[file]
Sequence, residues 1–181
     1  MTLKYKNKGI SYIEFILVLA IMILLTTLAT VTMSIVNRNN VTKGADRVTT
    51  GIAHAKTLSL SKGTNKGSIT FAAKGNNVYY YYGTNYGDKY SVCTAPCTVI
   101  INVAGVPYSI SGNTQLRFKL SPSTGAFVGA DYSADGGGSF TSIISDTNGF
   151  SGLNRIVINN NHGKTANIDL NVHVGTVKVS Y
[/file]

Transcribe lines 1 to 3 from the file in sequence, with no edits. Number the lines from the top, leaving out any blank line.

Sequence, residues 1–181
     1  MTLKYKNKGI SYIEFILVLA IMILLTTLAT VTMSIVNRNN VTKGADRVTT
    51  GIAHAKTLSL SKGTNKGSIT FAAKGNNVYY YYGTNYGDKY SVCTAPCTVI